An experiment was conducted to evaluate graded doses of phytase in high-phytate diets. Ross 308, male broilers (n = 600) were assigned to one of 4 diets, with 10 replicate pens/diet and 15 birds/replicate pen. Diets were a nutrient adequate positive control (PC), a negative control (NC) diet with a reduction of Ca by 0.22%, available P by 0.20%, energy by 120 kcal/kg, and amino acids by 1 to 5% compared with the PC. The NC diet was supplemented with 0, 2,000, or 4,000 phytase units (FTU)/kg. Phytase increased (linear, P < 0.05) weight gain from hatch to day 18. Birds fed the NC + 4000 FTU/kg ate and gained more (P < 0.05) than birds fed the PC. The apparent ileal digestibility (AID) of all nutrients and amino acids were reduced (P < 0.05) in birds fed the NC compared with birds fed the PC. Phytase increased (linear, P < 0.10) AID of most nutrients. Digestibility was lower (P < 0.10) in birds fed the NC + 4000 FTU/kg compared with birds fed the PC. Using daily intake and AID to determine digestible nutrient intake resulted in no differences between birds fed the PC or NC + 4000 FTU/kg diets. Digestible intake of methionine or glutamate was better correlated with BW gain (P < 0.0001) than AID (P > 0.10). Phytase reduced (linear, P < 0.01) phytate concentration and increased inositol (linear, P < 0.01), phytate hydrolysis (linear, P < 0.05), and jejunal expression (linear, P < 0.05) of SNAT-1 and LAT-4 transporters. Supplementation of increasing doses of phytase in high-phytate, low-nutrient dense diets improved gain and digestibility through nearly complete phytate destruction. Digestible nutrient intake may be a better indication of broiler gain than AID alone.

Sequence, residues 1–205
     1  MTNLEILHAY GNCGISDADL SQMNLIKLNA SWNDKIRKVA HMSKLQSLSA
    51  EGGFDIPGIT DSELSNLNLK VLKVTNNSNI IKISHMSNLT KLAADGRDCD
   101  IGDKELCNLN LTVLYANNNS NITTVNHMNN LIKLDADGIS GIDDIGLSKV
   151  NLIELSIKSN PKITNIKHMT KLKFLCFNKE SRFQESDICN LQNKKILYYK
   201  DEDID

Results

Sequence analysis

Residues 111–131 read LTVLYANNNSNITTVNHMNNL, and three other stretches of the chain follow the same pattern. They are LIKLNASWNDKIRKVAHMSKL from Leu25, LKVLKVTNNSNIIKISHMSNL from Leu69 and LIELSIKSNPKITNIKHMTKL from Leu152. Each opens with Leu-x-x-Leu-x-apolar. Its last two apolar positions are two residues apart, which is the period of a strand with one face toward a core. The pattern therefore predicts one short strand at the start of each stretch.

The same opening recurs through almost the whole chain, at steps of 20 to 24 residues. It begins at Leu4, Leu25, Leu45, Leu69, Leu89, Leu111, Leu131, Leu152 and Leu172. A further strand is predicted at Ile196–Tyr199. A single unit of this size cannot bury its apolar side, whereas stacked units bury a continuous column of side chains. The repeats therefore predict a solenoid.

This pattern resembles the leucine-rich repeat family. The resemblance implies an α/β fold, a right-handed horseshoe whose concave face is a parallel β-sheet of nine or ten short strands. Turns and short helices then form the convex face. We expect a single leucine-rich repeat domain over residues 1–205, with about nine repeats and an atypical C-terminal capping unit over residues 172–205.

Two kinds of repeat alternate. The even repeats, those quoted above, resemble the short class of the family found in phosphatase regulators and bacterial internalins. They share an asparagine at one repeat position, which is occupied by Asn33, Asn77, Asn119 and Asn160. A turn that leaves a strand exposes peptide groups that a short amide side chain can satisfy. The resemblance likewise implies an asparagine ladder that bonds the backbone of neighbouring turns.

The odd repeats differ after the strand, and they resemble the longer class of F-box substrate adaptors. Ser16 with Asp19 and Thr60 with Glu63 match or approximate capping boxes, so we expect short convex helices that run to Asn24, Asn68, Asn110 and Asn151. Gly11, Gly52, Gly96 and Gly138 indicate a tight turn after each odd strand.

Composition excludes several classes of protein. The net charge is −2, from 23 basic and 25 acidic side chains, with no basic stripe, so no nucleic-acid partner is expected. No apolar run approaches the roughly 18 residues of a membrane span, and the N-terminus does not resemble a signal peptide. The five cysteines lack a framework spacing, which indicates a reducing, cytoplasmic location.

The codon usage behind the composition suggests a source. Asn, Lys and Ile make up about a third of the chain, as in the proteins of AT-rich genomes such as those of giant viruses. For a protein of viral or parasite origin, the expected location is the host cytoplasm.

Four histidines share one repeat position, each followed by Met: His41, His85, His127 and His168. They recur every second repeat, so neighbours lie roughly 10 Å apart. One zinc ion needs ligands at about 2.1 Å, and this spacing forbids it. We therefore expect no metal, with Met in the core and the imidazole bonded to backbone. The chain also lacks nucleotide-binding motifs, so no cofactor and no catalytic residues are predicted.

- apparent ileal digestibility
- digestible nutrient intake